My kingdom for a table

On the 5th, we drove deep into the Adirondacks, sweeping through dense forests all the way to Saranac Lake from Canton via the research stop in Edwards.  It was dark when we arrived at Gauthiers Saranac Lake Inn on the east edge of town, just off Highway 86 that leads to upscale Lake Placid 10 miles away.

An OK place, yet where was a writer's table?

An OK place, yet where was a writer’s table?

Gauthiers, I soon discovered, was not thoroughly ready for the 21st Century.   It’s great for anglers and paddlers.  Not so great for writers with laptops.

Our room, No. 53, was adequate, I will say that much.  Two queen beds, a small bathroom with shower and plenty of hot water, a small vanity area, an older model TV, two chairs, a chest of drawers and a cranky heater.  And the grounds were kept quite nice there at the edge of the lake.  I particularly liked the Adirondack Chair by the office that was decked out in red, white and blue.  But  it certainly wasn’t the Ritz.  Nor, for that matter, the lovely White Pillars B&B of the previous night.

And, yes, there was Internet service.   Slow, but service none the same.  What was missing was something you seldom think about when making lodging reservations.  My laptop needed a desk or table.  Something that I could spread out my mouse pad, notes, computer and a lamp.  Alas, the room had only two small tables.  And one had no electrical outlet for a three-prong plug-in.

This handsome Adirondack chair and well-kept grounds not enough for me.

This handsome Adirondack chair and well-kept grounds not enough for me.

In the two days that followed at Gauthiers, I did write with the laptop.  But with reluctance.  Usually it rested on my quads while stretching out my legs in bed.  I tried it on the bed itself once but the bounciness drove me nuts.  Each time I tried was like pulling teeth.  Using the touch pad was tricky.  Sometimes the computer was so wobbly, I could not drop the cursor where I wanted and all sorts of crazy stuff came up on my screen.  It was like writing with a stutter, nothing went smooth.  In short, it was writing hell.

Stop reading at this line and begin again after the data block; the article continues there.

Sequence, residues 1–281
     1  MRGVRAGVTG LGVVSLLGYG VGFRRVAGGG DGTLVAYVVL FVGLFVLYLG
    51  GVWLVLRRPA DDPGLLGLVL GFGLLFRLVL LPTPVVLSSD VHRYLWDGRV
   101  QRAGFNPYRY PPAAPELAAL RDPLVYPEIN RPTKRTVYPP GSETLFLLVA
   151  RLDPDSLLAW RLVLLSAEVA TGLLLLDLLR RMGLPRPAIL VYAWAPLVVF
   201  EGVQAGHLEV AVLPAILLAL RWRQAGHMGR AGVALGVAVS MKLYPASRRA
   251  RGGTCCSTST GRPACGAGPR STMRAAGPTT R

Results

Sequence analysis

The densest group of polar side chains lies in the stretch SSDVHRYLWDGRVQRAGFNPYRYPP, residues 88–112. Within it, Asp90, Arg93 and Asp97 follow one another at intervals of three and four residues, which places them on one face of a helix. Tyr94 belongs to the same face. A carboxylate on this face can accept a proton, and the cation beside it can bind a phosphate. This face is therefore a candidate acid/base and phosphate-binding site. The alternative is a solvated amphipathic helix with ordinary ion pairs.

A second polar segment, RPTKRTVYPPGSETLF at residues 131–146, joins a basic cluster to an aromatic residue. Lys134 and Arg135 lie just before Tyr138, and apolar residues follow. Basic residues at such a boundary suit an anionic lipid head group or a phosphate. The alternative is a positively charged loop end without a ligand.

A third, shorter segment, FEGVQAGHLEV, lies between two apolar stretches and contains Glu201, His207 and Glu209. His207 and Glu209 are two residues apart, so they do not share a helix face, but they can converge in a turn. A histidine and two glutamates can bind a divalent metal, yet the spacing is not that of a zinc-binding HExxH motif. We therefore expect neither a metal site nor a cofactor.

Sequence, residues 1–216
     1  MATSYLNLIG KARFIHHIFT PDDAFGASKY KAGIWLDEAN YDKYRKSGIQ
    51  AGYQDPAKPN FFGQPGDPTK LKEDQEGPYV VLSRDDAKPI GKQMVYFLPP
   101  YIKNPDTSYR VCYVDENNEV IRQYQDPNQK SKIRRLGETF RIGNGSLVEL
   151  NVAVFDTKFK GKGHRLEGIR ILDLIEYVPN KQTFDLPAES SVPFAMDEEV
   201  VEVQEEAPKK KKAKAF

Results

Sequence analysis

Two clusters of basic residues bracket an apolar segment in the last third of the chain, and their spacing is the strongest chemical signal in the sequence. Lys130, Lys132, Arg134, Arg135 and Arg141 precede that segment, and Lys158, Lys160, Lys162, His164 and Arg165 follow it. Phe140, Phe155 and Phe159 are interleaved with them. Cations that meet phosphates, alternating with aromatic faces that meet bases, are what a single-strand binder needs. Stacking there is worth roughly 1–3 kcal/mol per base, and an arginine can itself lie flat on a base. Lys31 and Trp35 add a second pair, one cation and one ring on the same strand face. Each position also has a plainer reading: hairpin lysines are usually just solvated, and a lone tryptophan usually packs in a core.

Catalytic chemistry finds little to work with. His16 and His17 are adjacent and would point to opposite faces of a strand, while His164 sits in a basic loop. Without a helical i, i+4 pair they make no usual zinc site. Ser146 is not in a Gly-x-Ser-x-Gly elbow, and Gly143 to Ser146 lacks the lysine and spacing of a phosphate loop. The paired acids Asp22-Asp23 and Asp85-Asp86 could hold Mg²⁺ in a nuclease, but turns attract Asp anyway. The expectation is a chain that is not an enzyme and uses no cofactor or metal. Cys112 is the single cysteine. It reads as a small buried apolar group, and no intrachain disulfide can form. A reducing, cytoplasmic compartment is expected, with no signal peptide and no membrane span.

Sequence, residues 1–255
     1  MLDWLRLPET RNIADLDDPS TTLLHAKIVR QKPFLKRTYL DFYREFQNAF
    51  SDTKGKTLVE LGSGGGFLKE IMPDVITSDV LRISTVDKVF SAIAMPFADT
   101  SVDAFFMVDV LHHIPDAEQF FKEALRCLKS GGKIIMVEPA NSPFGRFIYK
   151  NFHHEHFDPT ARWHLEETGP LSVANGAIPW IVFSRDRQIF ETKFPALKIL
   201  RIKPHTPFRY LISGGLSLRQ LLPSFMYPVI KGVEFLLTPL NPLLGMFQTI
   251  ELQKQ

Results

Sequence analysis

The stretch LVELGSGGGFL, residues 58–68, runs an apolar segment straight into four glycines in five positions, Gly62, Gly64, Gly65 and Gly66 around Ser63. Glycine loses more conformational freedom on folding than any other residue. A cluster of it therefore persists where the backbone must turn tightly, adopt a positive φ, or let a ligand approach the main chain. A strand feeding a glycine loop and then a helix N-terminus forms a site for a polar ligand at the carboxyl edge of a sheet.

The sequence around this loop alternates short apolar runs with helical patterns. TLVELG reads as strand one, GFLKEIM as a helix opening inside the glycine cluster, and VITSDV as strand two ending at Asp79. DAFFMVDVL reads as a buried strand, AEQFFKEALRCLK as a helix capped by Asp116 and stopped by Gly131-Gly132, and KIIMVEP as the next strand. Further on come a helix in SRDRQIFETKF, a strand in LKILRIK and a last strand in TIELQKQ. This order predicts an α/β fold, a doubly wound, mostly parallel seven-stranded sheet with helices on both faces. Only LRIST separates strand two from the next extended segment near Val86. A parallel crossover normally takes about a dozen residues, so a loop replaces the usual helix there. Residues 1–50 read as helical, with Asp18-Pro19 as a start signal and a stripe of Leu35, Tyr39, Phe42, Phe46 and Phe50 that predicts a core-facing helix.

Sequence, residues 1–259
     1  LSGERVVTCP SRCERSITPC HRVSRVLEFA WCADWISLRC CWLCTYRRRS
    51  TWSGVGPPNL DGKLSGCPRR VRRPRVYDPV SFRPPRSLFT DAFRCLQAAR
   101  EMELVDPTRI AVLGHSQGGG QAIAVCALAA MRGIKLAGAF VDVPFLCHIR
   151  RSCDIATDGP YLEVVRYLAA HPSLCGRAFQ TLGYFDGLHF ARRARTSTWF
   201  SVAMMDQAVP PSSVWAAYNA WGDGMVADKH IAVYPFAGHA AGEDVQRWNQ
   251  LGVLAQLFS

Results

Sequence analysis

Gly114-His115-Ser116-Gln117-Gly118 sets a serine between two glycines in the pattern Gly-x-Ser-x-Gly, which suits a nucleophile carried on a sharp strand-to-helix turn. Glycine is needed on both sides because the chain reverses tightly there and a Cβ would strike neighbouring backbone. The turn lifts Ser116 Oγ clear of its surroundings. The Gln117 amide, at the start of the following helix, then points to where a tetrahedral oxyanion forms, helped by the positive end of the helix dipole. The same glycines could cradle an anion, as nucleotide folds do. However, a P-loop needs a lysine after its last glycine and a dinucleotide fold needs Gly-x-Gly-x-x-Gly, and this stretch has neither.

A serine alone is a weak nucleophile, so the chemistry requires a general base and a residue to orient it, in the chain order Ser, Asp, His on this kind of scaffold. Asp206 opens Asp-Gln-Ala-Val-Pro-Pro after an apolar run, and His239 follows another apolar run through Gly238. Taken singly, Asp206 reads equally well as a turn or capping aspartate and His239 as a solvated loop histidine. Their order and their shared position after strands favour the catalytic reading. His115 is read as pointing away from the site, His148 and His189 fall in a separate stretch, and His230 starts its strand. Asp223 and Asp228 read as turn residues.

To make matters worse, the room had no coffee-maker.  You had to walk 50 yards to the motel office and walk back to the room.  On a few cold mornings,  the coffee was cool by time I reached our room.

During this time, I told Nebra, everything I wrote stunk.  I sulked and, despite a token effort not to bitch, I bitched a lot.

A few weeks ago, I wrote this.  To write well, you have to be in sync with your pen or typewriter or computer.  The lack of a table or desk prevented that.  At least for me with my desire for a fast keyboard.

As my temper grew short, I remembered what has become a favorite quote of mine from D. H. Lawrence’s “Sea and Sardinia.”  D. H. and wife Frieda left Sicily to travel north to the island of Sardinia for adventure.  Things were tough on the island.  And at one point, Frieda grew fed up with her husband’s carping.  This is how I remember her response.

“Get over it, Lawrence,” she said, “It’s life!”

And so it is.  And so it was at Gauthiers.  That quote never fails to make me feel better.


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